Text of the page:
Jackson scores 37 as UTSA blasts Louisiana Tech, 89-73

Jhivvan Jackson. UTSA beat Louisiana Tech 89-73 in Conference USA on Thursday at the UTSA Convocation Center. - photo by Joe Alexander

Louisiana Tech’s Mo Muhammed (at right) tries to stay with UTSA’s Jhivvan Jackson. – Photo by Joe Alexander.

Facing the possibility of an 0-3 start in Conference USA, the UTSA Roadrunners showed equal parts fortitude and flair Thursday night, burying one of the C-USA’s better teams with a prolific, first-half shooting display.

Later, they hung on for a record-setting, 89-73 victory over the Louisiana Tech Bulldogs in front of an announced 922 at the Convocation Center.

Jhivvan Jackson had 37 points, 6 assists and 5 rebounds to lead UTSA to an 89-73 conference victory over Louisiana Tech on Thursday at the UTSA Convocation Center. - photo by Joe Alexander

Jhivvan Jackson had 37 points, 6 assists and 5 rebounds to lead the Roadrunners. – photo by Joe Alexander

The difference, easily, was three-point shooting. UTSA made a school-record 18 and gave up only six. In a dizzying display, Roadrunners junior Jhivvan Jackson knocked down a career-high, tying eight by himself.

“It was a great win,” said Jackson, who scored 37 points. “Other than (making) the shots, we got the stops we needed in the first half. I mean, that was our main focus coming into the game. We got to get stops. The offense going to take care of itself.”

LA Tech showed up at the Convocation Center with the conference’s best rating (No. 59 nationally) in the NET standings.

UTSA, on the flip side, came in far down the list at No. 249 in the NCAA’s rating system of 353 Division I programs.

On a more personal level, UTSA players felt stung by starting conference play with two losses in Florida last week, including a game they virtually threw away at Florida International on Saturday night.

But in a nod to the craziness of college basketball, the Roadrunners built a commanding 26-point intermission lead on the Bulldogs, juiced it to 29 in the second half and then made enough plays down the stretch to keep the Bulldogs at arms length.

“We knew it would take a great effort (to win),” UTSA coach Steve Henson said. “You know, we made shots. So, that might have skewed things a lot. But, shoot, we’ll take it.”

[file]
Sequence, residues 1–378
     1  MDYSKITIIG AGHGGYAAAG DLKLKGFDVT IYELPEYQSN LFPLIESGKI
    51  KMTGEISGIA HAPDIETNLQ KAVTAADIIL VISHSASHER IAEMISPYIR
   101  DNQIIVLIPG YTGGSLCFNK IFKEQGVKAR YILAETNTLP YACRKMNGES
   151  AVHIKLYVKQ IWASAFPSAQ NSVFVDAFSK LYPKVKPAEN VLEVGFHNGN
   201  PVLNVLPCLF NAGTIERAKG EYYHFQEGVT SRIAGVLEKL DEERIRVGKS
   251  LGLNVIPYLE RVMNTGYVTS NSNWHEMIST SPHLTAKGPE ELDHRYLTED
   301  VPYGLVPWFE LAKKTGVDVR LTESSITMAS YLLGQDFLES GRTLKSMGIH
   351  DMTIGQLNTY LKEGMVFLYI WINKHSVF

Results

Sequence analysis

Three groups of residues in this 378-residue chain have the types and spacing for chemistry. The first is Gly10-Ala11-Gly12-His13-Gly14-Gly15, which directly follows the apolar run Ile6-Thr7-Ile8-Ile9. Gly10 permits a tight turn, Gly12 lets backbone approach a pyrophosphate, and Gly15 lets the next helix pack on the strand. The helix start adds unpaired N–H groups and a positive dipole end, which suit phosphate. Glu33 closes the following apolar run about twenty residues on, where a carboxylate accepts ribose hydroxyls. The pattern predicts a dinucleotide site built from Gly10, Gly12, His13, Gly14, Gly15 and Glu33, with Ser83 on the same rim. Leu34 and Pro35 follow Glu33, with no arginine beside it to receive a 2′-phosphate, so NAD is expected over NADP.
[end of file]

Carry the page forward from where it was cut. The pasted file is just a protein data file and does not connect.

Records

UTSA 7-9, 1-2
Louisiana Tech 11-4, 2-1

By the numbers

UTSA — Jackson hit 11 of 23 from the floor, including 8 of 15 from three, and 7 of 8 free throws. He also had six assists and five rebounds. Forward Luka Barisic followed a 14-point outing at FIU with 16 against Louisiana Tech. The 6-foot-9 Croatian nailed 4 of 5 from three. Keaton Wallace played well defensively and also contributed 13 points and six rebounds. Byron Frohnen was major a factor with nine points and 10 rebounds.

LA Tech — UTSA held one of the conference’s better three-point shooting teams to 6 of 17. Long-distance sharp-shooters DaQuan Bracey and Amorie Archibald were a combined 0 for 3. Bracey and Kalob Ledoux scored 12 points apiece. LA Tech also failed to disrupt the UTSA offense as much as it would have liked. UTSA had trouble at times with 14 turnovers, but the errors weren’t consequential in the end. Coming in, the LA Tech defense had forced an average of 17.1 opponent turnovers per game.

First-half recap

The Roadrunners shot 55 percent from the field and tied a season-high for points in a half, racing to a 53-27 lead on the Louisiana Tech Bulldogs at intermission.

Initially, Jackson couldn’t get an open look with LA Tech swarming him with double teams.

At the same time, the strategy opened up the floor, and the Roadrunners’ complementary players started hitting from everywhere.

Once the Bulldogs stopped doubling on UTSA’s leading scorer, Jackson went off in a flourish, finishing the half with 18 points.

Freshman watch

Center Jacob Germany, a 6-11 freshman from Oklahoma, continued to raise eyebrows with his play in the first half. On one occasion, he raced ahead of the defense and caught a long pass for a layup. On another, he snared a lob in front of the rim and — facing away from the bucket — threw it down two-handed as a no-look dunk.

Special treat

San Antonio resident and former UTSA star Derrick Gervin attended the game. Wearing a cap with the school logo, he sat high in a section of bleachers behind the Roadrunners’ bench. Afterward, the 1980s-era power forward for the Roadrunners visited with reporters at press row.

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